This Received Date and not the Invoice Date will be used to calculate any late payment interest due.
What is the Payment Date?
The payment date is:
How is Late Payment Interest calculated?
The late payment interest amount must be calculated with the following formula:
I = ND x (IA x PIR) / 365
Invoice amount: $220,000 (GST inclusive)
SA Water Received Date: 6 June 2018
Invoice due date: 6 July 2018 (30 calendar days after the SA Water Received Date)
Payment Date: 25 July 2018
Calculation Period: 19 calendar days
RBA Cash Rate: 1.5% (as at 1 July 2018)
I = 19 x ($200,000 X (1.5% + 5%)) / 365
Interest payable = $676.71 (rounded to the nearest whole cent)
How and when can an invoice be disputed?
An invoice may be disputed when it is not correctly rendered. Refer to the question: What is the definition of a correctly rendered invoice?
When the dispute has been resolved and the invoice is ready to be paid, it is likely that either the invoice date or the invoice received at SA Water date will need to be modified to reflect the resolution of the dispute and to ensure the correct interest (if any) is calculated and paid.
Incorrectly Rendered (e.g. Incorrectly Addressed or missing a Purchase Order Number) invoices
A vendor is required to render an invoice correctly for payment.
If the invoice is not rendered correctly then it can be considered to be in dispute.
While the invoice is in dispute, payment cannot be made.
No late payment liability will be incurred during the time SA Water is awaiting additional information from the vendor.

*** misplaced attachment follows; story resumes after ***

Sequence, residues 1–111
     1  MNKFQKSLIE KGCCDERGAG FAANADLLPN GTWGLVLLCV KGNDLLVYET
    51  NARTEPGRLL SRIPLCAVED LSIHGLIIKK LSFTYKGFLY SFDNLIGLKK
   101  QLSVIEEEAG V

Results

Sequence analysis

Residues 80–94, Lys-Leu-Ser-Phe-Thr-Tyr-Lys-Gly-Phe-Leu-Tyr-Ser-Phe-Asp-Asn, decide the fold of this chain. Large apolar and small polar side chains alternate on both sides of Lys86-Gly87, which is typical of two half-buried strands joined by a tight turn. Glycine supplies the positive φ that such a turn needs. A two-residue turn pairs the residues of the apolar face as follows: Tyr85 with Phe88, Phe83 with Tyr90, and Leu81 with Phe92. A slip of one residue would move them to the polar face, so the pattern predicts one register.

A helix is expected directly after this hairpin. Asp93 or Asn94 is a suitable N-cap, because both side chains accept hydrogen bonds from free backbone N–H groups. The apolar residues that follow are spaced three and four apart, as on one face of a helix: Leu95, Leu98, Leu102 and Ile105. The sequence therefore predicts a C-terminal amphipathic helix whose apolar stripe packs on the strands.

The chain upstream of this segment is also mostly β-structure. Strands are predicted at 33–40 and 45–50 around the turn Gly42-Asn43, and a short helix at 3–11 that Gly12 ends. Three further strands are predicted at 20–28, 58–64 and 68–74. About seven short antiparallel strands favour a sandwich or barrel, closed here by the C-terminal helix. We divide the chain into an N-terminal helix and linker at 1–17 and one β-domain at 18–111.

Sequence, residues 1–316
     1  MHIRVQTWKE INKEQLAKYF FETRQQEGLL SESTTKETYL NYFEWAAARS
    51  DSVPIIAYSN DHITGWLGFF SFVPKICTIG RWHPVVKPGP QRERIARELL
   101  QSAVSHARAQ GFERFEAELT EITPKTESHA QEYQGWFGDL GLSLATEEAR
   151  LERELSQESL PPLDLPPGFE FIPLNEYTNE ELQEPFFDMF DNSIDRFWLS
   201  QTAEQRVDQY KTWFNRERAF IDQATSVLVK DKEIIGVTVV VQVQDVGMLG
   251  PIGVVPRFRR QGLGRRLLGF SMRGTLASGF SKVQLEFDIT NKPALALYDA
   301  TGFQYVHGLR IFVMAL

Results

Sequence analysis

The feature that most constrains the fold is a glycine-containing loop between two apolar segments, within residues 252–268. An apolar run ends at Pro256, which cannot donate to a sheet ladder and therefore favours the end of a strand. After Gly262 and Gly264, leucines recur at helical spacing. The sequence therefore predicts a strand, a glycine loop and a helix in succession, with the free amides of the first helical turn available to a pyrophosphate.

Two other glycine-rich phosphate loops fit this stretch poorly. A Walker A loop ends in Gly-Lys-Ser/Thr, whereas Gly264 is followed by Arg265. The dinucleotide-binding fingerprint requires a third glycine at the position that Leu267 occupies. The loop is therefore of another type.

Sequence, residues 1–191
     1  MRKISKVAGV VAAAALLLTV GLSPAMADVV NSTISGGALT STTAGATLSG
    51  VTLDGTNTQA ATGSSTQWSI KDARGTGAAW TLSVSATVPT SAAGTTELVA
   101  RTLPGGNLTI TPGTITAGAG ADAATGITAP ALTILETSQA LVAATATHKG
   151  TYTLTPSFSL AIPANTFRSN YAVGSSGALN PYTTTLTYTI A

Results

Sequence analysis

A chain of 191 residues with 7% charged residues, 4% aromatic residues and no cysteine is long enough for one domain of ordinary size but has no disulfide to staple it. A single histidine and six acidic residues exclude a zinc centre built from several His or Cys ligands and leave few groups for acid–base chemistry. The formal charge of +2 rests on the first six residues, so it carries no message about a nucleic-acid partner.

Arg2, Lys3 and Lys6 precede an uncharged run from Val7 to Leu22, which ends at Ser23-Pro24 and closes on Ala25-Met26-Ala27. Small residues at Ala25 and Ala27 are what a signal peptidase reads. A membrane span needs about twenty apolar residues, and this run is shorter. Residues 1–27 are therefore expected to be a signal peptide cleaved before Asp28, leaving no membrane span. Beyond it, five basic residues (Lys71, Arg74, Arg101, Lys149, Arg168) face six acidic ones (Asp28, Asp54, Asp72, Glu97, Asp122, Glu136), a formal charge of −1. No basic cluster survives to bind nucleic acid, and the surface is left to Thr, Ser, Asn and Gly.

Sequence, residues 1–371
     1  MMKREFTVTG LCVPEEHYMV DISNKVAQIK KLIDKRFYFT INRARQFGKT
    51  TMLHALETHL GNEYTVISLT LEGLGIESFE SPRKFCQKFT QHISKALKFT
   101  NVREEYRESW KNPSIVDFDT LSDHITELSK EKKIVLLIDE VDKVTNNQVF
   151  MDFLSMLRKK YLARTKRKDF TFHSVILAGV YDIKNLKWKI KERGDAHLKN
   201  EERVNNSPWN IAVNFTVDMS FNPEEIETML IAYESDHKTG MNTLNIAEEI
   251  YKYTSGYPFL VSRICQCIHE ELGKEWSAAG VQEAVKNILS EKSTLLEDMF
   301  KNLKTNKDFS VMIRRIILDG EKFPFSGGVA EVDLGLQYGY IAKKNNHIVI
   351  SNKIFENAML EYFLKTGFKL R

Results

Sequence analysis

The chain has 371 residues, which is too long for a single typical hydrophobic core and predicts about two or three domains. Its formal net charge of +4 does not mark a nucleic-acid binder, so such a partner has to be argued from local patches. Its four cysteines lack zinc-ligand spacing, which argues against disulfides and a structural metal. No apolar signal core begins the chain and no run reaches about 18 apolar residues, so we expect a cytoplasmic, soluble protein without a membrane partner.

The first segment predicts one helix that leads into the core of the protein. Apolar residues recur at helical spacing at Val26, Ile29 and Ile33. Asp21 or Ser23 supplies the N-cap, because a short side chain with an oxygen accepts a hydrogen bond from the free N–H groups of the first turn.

What happens if there is a dispute as to whether interest should or should not be paid against a particular invoice?
A business may lodge a dispute with SA Water’s Accounts Payable Team at email@example.com regarding a number of matters such as the amount of interest paid, the length of time an invoice was with SA Water before payment (i.e. the Agency Received Date) or why a particular invoice was disputed.
In the event that there is a disagreement between a business and SA Water over the matter of late payment interest, the business should seek to resolve the matter with SA Water in the first instance.
Should a business not be satisfied with the response provided, it may escalate the dispute to the Chief Executive of SA Water. Should the business still not be satisfied, the matter can be referred to the Small Business Commissioner. Under the Act, the Small Business Commissioner has the authority to make determinations as to whether interest should be paid to a business, based on the particular circumstances of each case.
Section 7 of the Act allows for the Small Business Commissioner to specify procedures and requirements to resolve disputes which may arise between a public authority and a business.